LONDON (Reuters) - Rising grain, meat and sugar prices pose a threat to the nearly one billion people who are undernourished, with global hunger still above pre-economic crisis levels despite the first decline in 15 years in 2010.
“The recent increase in food prices, if it persists, will create additional obstacles in the fight to further reduce hunger,” the United Nations Food and Agriculture Organization said in a report on Tuesday.
The FAO estimates that 925 million people are undernourished in 2010, a decline from 1.023 billion in 2009 due to a more favorable economic environment, but still higher than before the economic crisis of 2008/09.
The number of hungry people in the world had been rising for more than a decade, reaching a record spike in 2009 triggered by the economic crisis and high domestic food prices in several developing countries.
“Food prices in most low-income, food-deficit countries remain above the pre-crisis level, negatively affecting access to food by vulnerable populations,” the FAO said.
Riots in Mozambique earlier this month in which 13 people were killed, showed the potential dangers for governments if food prices start to rise.
A 30 percent rise in the price of bread — linked to soaring global wheat prices — had to be quickly reversed.
Despite some pockets of instability, the FAO has repeatedly said the latest bout of price rises in some key staples has not brought markets closer to a repeat of the 2007/08 price-induced food crisis. It said this was because there have been two years of plentiful crops around the world and the situation on global markets remained different.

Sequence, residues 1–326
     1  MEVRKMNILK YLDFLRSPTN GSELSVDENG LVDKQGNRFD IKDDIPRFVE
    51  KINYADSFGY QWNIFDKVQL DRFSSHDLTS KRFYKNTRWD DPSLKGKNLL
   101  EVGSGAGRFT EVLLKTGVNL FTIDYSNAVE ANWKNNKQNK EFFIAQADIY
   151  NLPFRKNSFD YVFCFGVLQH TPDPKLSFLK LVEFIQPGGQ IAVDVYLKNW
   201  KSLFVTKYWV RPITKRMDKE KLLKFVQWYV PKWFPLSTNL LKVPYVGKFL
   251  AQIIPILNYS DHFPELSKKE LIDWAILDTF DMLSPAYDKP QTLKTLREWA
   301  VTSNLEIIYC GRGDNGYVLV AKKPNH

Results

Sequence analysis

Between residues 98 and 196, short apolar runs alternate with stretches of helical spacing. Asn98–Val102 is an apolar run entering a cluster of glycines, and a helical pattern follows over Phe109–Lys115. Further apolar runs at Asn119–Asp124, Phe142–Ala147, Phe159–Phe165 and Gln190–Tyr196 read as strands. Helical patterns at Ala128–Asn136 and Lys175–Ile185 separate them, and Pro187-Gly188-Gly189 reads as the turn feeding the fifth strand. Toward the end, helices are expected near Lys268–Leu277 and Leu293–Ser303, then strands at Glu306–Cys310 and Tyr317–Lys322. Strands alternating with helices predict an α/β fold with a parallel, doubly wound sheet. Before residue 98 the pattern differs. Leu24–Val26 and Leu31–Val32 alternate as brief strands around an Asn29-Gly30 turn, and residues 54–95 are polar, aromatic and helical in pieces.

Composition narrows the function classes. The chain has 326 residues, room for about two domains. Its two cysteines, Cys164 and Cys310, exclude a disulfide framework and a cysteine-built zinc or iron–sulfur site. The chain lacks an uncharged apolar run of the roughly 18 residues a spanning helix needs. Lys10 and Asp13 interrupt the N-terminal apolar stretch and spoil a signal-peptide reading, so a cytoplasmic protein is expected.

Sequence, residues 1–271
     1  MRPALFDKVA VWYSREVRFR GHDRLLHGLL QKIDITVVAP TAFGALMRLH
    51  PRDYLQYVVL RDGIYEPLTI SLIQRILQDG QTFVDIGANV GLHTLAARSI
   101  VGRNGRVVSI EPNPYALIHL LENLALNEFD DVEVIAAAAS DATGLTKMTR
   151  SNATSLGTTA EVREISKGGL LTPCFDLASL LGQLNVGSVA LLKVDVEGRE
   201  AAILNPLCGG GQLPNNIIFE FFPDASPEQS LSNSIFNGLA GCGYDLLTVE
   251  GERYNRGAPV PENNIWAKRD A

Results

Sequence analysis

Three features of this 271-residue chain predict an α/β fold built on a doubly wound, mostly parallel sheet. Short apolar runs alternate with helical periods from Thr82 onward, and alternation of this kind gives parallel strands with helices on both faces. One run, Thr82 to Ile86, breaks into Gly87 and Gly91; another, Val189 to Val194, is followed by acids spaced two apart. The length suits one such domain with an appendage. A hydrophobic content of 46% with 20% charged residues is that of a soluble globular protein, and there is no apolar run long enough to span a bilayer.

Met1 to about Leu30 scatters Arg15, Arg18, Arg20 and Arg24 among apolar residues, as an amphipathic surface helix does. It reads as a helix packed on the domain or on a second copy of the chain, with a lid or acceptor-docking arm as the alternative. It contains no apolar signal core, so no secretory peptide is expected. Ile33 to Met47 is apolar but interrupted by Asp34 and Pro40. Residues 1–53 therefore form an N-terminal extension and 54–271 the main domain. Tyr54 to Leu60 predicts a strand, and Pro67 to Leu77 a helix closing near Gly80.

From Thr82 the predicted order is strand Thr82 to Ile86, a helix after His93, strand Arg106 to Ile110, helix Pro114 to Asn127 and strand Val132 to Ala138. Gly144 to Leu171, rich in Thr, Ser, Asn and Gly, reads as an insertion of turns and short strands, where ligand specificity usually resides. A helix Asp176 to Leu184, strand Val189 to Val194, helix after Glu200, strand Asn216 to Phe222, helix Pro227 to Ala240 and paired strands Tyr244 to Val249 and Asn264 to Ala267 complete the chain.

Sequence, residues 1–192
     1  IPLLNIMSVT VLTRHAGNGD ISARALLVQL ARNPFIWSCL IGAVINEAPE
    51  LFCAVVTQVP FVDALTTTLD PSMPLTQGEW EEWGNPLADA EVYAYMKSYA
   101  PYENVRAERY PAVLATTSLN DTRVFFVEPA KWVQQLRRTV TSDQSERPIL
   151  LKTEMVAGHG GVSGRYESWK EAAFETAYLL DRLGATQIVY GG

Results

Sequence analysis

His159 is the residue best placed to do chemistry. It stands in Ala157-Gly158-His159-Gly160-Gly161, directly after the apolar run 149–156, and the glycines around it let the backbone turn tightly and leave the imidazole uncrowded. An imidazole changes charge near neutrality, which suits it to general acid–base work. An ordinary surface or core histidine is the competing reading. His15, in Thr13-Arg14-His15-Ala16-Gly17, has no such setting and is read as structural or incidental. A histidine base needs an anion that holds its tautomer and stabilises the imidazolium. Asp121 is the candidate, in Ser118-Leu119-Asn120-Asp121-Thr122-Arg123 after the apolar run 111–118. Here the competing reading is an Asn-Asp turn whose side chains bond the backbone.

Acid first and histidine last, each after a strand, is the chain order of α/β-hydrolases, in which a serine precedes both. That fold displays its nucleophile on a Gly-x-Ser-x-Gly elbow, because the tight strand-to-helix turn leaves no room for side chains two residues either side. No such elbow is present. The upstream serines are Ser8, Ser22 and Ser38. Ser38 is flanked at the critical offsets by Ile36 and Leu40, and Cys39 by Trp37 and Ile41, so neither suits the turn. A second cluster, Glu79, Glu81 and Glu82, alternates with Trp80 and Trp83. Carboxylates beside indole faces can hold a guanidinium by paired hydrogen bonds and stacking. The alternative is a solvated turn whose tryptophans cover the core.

Russia’s worst drought in more than a century sparked a searing rally in global benchmark wheat prices and now livestock producers are likely to pass on the higher cost of feeding their animals to consumers.
Russia’s biggest meat producer Cherkizovo CHEq.L said on Tuesday that prices are set to rise.
“The rise of meat prices this year is unavoidable. We hope that the situation will be limited to 10-15 percent ... by the end of the year,” Cherkizovo’s chief executive officer Sergei Mikhailov told the Reuters Russia Investment Summit on Tuesday.
Wheat prices rose to their highest level in about two years in August after Russia banned exports of the commodity while corn is continuing to climb, hitting the highest level in nearly two years on Monday.
Global wheat production looks set to fall this year but a rise in stocks following the two largest wheat harvests in history in 2008 and 2009 should help to keep a lid on prices.
“Global grain stocks are actually at relatively comfortable levels having been built up following record harvests over the past two years, and this should allay fears of an outright food scare,” Jonathan Blake, manager of the Baring Global Agriculture Fund said on Tuesday.
Corn prices have been supported by concerns yields in the United States, by far the biggest global producer, may fall short of expectations.
In its September supply/demand report on Friday, the U.S. Department of Agriculture (USDA), reduced its yield forecast for U.S. corn this year to 162.5 bushels per acre from its August estimate of 165.9 bushels.
Sugar prices are also on the rise, climbing to the highest levels in more than six months on Tuesday buoyed by worries drought will erode yields in Brazil, the world’s top producer and exporter, into next season.
“Trade estimates for Brazilian sugar production are declining almost on a week-to-week basis,” Rabobank analyst Doug Whitehead said, although analysts see global supply prospects improving in the fourth quarter.
Additional reporting by Catherine Hornby in Rome, David Brough in London and Maria Plis and Toni Vorobyova in Moscow; editing by Keiron Henderson